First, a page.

Conquering Anxiety with Character Strengths

Contributed by proud mother and writer, Kelly Harbaugh.

When you have a child who suffers from anxiety, there is a great focus on what they cannot do. Finding an area in which your child excels can be a key to unlocking confidence. Every child has at least one area of special talent, and you can help them to succeed by finding it.

This was definitely the case for my daughter, who had selective mutism as a young child. Selective mutism (SM) is an anxiety disorder in which a child fails to speak in specific social situations. This means that the child may speak easily and fluently at home but freeze up and become silent at school, daycare, or other social places.

It’s not easy to be known as “the child who doesn’t talk.”

People often misunderstand the problem and think that a selectively mute child is not as bright or talented as other children. This is very frustrating for the parent, who usually sees the child full personality at home and knows what she is capable of doing.

My husband and I knew that our daughter had a lot of potential. We were concerned about pushing our child to participate in activities that might make her uncomfortable; however, we also wanted to find the right social situations that would slowly increase her ability to interact with others.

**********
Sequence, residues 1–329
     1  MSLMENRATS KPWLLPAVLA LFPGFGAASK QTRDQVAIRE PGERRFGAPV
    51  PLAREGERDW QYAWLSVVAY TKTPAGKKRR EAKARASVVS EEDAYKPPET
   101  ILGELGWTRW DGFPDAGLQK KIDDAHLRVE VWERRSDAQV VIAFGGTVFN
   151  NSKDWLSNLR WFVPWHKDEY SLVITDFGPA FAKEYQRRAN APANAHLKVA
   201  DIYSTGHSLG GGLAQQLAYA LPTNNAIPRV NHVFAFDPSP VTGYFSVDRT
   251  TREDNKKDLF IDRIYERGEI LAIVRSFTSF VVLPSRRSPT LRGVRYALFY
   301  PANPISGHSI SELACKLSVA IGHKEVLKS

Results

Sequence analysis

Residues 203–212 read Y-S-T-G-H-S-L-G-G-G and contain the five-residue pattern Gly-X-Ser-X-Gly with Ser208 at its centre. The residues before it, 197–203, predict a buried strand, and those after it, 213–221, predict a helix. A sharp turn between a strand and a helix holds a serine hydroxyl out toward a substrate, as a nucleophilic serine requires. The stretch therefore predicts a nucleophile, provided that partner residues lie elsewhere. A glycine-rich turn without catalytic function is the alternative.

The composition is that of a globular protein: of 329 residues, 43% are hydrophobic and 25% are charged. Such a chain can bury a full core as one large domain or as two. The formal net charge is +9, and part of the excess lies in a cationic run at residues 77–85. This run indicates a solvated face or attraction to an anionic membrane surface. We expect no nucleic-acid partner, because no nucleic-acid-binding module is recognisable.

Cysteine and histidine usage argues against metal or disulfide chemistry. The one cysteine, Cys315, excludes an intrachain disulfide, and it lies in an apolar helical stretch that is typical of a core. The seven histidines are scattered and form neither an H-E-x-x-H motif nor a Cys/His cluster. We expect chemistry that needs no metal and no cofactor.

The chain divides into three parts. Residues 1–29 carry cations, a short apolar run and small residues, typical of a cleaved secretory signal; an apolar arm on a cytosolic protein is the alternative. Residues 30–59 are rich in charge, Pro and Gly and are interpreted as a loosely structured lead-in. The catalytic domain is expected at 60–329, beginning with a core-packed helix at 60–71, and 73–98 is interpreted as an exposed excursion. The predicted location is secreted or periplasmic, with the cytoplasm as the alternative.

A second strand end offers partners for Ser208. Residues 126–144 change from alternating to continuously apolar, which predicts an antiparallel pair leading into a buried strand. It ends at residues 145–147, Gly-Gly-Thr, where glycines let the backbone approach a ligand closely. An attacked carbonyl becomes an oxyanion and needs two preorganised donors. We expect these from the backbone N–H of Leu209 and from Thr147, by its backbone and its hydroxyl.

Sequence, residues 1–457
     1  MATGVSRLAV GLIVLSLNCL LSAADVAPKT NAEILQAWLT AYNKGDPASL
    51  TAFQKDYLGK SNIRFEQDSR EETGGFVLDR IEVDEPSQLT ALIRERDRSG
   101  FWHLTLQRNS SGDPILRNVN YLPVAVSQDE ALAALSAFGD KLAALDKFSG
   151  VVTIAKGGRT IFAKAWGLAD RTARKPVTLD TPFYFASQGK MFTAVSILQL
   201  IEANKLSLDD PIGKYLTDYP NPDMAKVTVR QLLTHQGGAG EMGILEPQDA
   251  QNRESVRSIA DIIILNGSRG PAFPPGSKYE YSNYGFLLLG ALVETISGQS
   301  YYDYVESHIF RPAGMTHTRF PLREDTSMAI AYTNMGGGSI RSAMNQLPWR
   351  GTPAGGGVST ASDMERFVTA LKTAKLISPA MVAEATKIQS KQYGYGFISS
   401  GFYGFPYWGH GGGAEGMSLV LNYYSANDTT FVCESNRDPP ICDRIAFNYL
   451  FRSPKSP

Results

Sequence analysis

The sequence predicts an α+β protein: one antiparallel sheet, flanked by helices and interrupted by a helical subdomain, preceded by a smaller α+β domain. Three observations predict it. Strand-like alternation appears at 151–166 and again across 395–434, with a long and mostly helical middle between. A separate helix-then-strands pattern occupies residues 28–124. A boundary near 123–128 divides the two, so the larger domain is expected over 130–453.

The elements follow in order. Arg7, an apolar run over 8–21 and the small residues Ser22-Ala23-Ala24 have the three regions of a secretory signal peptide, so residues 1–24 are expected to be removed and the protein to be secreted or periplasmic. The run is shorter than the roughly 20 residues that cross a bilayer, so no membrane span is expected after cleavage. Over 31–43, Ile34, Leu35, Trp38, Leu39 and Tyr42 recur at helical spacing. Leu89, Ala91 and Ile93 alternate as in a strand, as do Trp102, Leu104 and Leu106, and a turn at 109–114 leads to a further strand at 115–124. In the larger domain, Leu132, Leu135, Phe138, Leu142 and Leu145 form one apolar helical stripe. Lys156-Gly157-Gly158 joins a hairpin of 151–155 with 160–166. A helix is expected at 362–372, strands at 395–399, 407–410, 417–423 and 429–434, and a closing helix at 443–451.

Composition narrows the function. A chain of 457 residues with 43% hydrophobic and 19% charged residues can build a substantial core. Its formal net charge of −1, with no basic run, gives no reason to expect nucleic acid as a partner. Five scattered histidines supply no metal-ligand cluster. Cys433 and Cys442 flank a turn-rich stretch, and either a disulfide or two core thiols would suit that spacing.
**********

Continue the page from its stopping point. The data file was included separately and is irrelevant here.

Friends of ours had a daughter with SM who found her social ease by taking dance classes. They said that when their little girl walked onto the stage for a recital, her anxiety melted away.  She smiled and performed with unbelievable confidence. They were amazed, and they knew that they had found something essential to her development.

I always dreamed of taking dance classes as a child, so I thought that this might be perfect for my daughter.  Her best friend was starting a class, so I thought that she would be eager to go along.  I was wrong.  She had absolutely no interest in such an activity.

“I just like ball games,” she would say.

So we tried sports.

This seemed like a very strange choice to me. I hated the pressure of competitive sports when I was in school, and I imagined that it would be even worse for someone who had anxiety issues.

My daughter was oblivious to the fact that she was supposed to be nervous about competition. In fact, under that soft, quiet personality was a strong, competitive spirit.

She did not start out as a great athlete.  It took a couple of years for her athletic ability to catch up with her desire to play, but she was determined to play well, and her coaches took notice.